My feet and my neck ache, and I’m getting a headache from squinting through bright sunlight.
Worst of all, my pride hurts. I’m a pretty observant woodsman, so I’m more than a little disappointed that I’ve yet to lay my hands on bone.
Shed hunting can leave even the most seasoned outdoorsman with wounded pride. But when you find a cast antler, the feeling you get is like nothing you’ve ever experienced.
“Shed hunting can become addictive,” said Wisconsin hunter Dennis Fishbaugher. “I would just as soon find a big shed as shoot a big deer.”
Let’s look at the benefits to shed hunting, how to hunt like a pro, and why you just may need an antler dog if you want to take your shed hunting to the next level.
For hunters, shed hunting is an excellent way to accomplish post-season scouting. Finding a shed tells you that its previous owner survived the hunting seasons. Looking for sheds also offers a chance to spot other deer sign like bedding areas and rubs, all valuable information for next year’s hunt. Be sure to take a notebook or GPS with you to record where you find antlers or other deer sign.
Other whitetail enthusiasts find great value in shed hunting.
“Deer managers use sheds to measure overall herd health,” explained Tom Miller, vice-president of the North American Shed Hunters Club (NASHC, www.shedantlers.org). “If sheds are getting lighter over the years, that tells you deer are stressed and not getting the proper nutrition.”
Antler searching is good exercise and a great way to lose a few of the pounds that many of us gain over the holidays. Shed hunting also is a great way to get youngsters outdoors and provides an opportunity to teach them about hunting, wildlife and good land stewardship. It’s certainly an activity the whole family can enjoy.
“My family and I take a trip each spring to a deer wintering area, and my kids really look forward to it,” said veteran deer hunter Tom Rathmun.
Finally, shed hunting is cheap. You don’t have to buy a license, and no state has a sanctioned shed-hunting season. Not yet anyway.
BECOME A SHED SAVANT
Shed hunting is best done after most of the snow is gone. If snowfall was light where you hunt sheds, set up trail cameras to determine when bucks are tossing their tines.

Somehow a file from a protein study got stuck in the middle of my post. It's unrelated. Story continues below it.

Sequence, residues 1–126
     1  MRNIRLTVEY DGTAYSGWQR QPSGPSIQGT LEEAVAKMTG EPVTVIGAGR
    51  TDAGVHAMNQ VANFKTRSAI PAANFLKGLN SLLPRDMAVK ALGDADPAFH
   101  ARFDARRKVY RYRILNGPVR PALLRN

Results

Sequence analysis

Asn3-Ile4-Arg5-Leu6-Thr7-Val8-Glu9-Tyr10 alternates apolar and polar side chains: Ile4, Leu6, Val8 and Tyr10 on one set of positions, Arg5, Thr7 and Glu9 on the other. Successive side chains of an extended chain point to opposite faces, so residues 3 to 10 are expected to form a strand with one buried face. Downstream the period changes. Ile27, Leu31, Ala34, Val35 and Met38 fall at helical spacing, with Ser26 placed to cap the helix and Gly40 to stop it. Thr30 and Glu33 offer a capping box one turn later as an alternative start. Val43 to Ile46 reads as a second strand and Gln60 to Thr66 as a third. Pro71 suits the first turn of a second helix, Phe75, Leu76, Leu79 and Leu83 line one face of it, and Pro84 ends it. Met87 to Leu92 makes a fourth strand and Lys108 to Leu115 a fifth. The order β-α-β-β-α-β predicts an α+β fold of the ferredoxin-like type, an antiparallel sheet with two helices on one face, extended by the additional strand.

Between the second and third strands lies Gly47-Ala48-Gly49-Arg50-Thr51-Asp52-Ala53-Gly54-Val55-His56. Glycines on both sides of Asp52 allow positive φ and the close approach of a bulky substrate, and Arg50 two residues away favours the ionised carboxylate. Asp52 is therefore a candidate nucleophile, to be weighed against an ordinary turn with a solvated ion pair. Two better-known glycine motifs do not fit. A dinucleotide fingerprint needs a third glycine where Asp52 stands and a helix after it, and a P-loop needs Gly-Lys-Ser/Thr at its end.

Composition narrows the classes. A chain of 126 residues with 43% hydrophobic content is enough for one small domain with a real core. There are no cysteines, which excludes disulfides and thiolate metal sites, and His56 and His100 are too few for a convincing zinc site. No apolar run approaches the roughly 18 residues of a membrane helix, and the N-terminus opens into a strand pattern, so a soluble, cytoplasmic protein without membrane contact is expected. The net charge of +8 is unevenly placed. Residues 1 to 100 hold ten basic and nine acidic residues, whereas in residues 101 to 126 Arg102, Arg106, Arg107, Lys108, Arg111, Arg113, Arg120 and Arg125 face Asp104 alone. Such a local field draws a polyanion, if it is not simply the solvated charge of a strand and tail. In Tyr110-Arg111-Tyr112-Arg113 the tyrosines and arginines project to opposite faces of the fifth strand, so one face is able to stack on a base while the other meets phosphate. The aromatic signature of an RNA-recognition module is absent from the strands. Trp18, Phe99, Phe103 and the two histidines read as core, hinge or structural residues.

To find the most sheds, you need the right equipment. Start with a comfortable pair of waterproof boots, and match your clothing to the weather conditions. In addition to the notebook mentioned earlier, carry a good pair of low-power binoculars. Also bring along a water bottle and portable snacks to stay hydrated and maintain energy.
“Labs make the best antler dogs,” said trainer Amy Sigler-Muehlebach. “They’re a bit obsessive, which you need to find antlers, and they make great family pets.”
If you do decide to get your own antler dog, make sure the pup’s parents have hunting in their bloodlines and ask questions to be sure you’re not getting personality quirks. Never try to use a hunting dog to find sheds. Once it gets a taste of feathers or fur, it probably won’t want to hunt for bone.
You deer hunt where you’re likely to find bucks, right? Do the same when shed hunting. Key places to home in on include bedding areas, agricultural fields, food plots, heavily used trails and wintering areas.
“Look on south-facing hills and forest edges, because the south receives the most direct sunlight in winter and deer bed there to soak up radiant heat,” suggests Joe Shead, author of Shed Hunting: A Guide to Finding Whitetail Deer Antlers. “Walk slower than you think you need to, because sheds look a lot like sticks and brush, and your eyes need time to separate the grain from the chaff.”
Look for pieces of antler, rather than whole sheds. Sheds are often partially buried, and it takes time to learn to recognize them quickly. When you find one, grid the area 50 yards around it and carefully look for the other antler. Bucks often lose both antlers in a short period of time.
ADD TO YOUR FAMILYIncrease the size of your family and the size of your shed pile by getting an antler dog.
“I find 10 times as many sheds with my dog as I do alone,” said Fishbaugher, who owns an antler dog trained by Roger and Sharon Sigler of Antler Ridge (www.antlerdogs.com). The Siglers have created a unique rewards-based training program that teaches dogs and owners how to team up to find sheds.